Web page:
Neil Francis: The game was entertaining but for Leinster fans, 80 minutes of water-boarding would have been preferable
The stench of wasted opportunity was the overriding aroma in the aftermath of this match. What-ifs rolling off the tongue. Leinster, infinitely smarter, got the job done. Their challenge was a far more difficult task to deal with because the battle was not with Munster but with themselves.
Fatigue and the ability to go again once the major prize had been garnered were the main opponents. It took deep conviction and a depth of self-belief that has deserted Munster.
It was an entertaining game but for Leinster fans you suspect that 80 minutes of water-boarding would have been preferable as their side went in to energy-saving mode and could have been caught at the death if Munster had displayed even a smidgen of the wit and guile that their champion side of 10 years ago possessed in spades.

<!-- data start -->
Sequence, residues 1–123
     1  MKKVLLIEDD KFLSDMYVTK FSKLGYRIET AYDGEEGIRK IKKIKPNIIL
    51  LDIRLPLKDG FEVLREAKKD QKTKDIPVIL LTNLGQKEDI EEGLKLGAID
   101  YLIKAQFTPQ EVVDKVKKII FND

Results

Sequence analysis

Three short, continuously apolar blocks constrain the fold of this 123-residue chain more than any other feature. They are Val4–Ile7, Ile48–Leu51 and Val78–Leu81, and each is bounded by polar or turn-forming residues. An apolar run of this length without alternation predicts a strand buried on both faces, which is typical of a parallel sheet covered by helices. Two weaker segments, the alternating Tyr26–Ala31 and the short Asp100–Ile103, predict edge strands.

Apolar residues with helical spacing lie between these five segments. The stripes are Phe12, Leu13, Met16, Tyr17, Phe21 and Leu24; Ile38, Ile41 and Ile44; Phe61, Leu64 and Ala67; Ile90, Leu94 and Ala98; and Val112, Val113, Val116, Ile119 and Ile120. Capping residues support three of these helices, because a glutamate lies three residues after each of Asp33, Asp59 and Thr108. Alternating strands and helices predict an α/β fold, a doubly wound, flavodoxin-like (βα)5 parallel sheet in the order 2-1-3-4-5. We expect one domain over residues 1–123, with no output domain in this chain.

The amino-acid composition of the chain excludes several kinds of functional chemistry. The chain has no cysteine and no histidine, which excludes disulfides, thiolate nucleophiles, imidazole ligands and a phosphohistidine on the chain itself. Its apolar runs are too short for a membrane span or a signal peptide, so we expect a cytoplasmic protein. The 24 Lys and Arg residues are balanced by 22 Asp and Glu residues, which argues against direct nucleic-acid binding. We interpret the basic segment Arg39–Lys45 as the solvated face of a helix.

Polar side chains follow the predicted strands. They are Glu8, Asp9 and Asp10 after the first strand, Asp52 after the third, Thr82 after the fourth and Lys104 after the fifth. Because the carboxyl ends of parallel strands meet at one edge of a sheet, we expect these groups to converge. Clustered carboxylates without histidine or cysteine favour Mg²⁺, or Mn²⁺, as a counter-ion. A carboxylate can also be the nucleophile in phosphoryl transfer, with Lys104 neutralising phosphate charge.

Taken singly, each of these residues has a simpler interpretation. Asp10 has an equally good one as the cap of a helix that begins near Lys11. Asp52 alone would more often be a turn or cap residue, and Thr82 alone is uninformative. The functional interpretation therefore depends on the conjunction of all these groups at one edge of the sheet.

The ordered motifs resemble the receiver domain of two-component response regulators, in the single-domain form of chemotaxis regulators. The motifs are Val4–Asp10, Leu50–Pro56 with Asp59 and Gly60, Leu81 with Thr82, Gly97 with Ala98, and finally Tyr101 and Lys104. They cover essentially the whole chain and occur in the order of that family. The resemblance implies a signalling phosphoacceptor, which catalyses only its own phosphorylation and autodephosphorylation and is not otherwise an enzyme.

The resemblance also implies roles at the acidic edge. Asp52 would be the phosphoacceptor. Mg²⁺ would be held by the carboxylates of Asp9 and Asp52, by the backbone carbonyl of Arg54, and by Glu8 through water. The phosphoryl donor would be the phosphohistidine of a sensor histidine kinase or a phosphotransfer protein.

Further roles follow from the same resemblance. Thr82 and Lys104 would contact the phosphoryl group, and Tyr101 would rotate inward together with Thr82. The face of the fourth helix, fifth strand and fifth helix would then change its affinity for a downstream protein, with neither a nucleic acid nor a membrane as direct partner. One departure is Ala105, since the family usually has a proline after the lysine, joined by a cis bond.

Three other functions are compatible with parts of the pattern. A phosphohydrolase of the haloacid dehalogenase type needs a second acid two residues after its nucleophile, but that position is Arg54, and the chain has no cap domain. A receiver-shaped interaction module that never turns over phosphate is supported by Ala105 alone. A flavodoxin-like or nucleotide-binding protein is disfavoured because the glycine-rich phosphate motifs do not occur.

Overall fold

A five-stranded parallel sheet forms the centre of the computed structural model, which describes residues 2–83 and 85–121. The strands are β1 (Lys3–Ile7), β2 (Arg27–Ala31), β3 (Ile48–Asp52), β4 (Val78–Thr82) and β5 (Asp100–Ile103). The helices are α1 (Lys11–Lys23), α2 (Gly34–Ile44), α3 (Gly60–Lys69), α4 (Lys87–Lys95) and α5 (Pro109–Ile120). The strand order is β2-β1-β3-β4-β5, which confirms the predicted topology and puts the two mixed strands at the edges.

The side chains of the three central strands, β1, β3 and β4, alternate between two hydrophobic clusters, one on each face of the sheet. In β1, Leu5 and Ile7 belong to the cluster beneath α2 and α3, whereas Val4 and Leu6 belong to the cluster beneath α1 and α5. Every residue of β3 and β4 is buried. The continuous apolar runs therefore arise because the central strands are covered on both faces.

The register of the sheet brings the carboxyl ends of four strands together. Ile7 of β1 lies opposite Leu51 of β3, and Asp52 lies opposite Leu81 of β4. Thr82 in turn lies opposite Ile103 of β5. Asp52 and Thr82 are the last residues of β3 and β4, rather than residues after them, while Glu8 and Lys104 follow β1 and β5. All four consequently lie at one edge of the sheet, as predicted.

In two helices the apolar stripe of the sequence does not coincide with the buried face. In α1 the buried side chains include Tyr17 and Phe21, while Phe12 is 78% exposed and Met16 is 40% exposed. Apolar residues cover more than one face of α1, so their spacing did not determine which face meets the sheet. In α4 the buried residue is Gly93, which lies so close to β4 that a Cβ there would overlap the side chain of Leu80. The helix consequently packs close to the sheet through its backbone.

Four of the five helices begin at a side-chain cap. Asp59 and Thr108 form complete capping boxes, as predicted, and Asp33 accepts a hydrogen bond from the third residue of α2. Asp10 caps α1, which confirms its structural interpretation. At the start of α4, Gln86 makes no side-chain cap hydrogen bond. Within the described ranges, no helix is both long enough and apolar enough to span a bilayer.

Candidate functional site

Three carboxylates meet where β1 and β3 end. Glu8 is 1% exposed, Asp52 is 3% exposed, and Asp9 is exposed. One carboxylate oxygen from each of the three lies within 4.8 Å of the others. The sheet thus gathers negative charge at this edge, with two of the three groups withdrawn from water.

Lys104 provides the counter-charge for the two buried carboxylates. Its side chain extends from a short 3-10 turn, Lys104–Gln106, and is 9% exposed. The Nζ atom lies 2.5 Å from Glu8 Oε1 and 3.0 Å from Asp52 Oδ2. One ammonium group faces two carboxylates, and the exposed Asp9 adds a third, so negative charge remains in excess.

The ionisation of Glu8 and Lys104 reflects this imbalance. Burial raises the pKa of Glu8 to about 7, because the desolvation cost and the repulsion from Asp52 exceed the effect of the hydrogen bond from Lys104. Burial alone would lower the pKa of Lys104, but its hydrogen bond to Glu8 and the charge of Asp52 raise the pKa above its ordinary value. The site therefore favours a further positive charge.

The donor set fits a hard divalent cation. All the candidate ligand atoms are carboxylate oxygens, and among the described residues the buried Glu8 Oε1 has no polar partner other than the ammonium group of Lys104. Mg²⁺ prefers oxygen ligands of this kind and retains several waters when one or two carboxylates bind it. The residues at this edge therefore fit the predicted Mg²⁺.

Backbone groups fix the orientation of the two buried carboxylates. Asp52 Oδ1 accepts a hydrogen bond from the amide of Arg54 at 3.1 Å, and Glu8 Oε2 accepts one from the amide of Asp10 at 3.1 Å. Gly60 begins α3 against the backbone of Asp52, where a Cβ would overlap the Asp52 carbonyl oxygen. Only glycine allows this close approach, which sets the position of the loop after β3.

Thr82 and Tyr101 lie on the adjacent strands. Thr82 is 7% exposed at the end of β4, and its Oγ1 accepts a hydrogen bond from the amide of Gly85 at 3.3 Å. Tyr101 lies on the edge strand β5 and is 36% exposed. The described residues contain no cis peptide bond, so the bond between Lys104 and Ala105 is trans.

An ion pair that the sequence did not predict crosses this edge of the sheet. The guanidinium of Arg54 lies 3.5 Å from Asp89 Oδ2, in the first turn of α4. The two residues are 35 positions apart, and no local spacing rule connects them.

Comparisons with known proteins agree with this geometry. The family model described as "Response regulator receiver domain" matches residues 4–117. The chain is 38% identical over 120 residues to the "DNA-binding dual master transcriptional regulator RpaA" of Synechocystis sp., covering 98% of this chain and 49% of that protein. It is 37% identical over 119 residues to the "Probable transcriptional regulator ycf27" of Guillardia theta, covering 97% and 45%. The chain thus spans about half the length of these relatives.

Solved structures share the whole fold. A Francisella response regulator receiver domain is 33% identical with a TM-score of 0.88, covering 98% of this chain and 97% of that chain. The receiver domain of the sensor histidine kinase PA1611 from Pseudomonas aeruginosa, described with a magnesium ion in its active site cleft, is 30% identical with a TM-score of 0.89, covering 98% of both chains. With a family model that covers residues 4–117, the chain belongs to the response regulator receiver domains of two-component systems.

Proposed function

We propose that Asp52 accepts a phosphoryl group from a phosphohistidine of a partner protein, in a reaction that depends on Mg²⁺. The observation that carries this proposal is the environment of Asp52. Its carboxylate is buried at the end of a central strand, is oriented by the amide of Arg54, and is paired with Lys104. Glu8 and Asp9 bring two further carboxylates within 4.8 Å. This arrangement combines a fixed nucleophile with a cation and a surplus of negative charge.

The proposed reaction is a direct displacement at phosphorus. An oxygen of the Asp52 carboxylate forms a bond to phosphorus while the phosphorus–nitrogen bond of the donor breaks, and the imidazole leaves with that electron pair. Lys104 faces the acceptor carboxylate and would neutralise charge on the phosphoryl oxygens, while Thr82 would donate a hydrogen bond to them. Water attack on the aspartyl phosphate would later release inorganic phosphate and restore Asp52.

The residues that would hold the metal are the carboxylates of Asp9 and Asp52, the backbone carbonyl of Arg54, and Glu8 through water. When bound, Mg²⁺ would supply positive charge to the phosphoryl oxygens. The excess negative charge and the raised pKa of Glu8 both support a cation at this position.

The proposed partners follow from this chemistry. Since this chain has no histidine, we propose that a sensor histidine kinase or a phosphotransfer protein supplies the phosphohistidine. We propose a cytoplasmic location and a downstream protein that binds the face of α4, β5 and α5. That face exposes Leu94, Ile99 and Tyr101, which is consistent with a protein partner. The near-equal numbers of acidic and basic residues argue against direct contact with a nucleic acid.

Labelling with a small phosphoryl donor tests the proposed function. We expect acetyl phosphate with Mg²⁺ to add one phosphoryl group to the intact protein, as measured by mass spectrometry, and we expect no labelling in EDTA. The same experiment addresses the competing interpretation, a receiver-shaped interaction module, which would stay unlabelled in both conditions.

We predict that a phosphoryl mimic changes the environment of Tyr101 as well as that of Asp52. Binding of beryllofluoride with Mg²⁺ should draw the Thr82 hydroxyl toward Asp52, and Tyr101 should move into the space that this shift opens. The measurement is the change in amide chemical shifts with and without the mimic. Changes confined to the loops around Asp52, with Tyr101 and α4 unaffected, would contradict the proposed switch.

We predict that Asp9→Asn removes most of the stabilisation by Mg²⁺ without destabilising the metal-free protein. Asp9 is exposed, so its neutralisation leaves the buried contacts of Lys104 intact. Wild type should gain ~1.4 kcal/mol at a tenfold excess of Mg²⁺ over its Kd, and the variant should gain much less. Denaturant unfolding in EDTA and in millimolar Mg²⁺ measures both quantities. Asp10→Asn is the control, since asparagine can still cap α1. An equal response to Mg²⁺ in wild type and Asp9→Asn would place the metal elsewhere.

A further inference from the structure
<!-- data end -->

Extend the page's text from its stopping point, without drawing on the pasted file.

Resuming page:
Great things never come from comfort zones and the first 15 minutes of this game gave you the impression that Leinster were quite happy to leave the harbour and do a Volvo ocean race complete with hardship and uncertainty.
If they had maintained the sort of barbarism that they displayed in their tackling in that period they would have beaten Munster off the park, but they were unable to continue primarily because of events last week. Yet they were good enough and showed enough resolve to do just enough.
As the complexion of the game changed and Munster began to dominate field position and territory, Leinster had to rethink. Improvidus, apto quad victum (improvise, adapt and overcome). The stats tell you that Munster won this game. The trouble with stats, though, is that they never really tell you which side is the smarter and they can't define trends.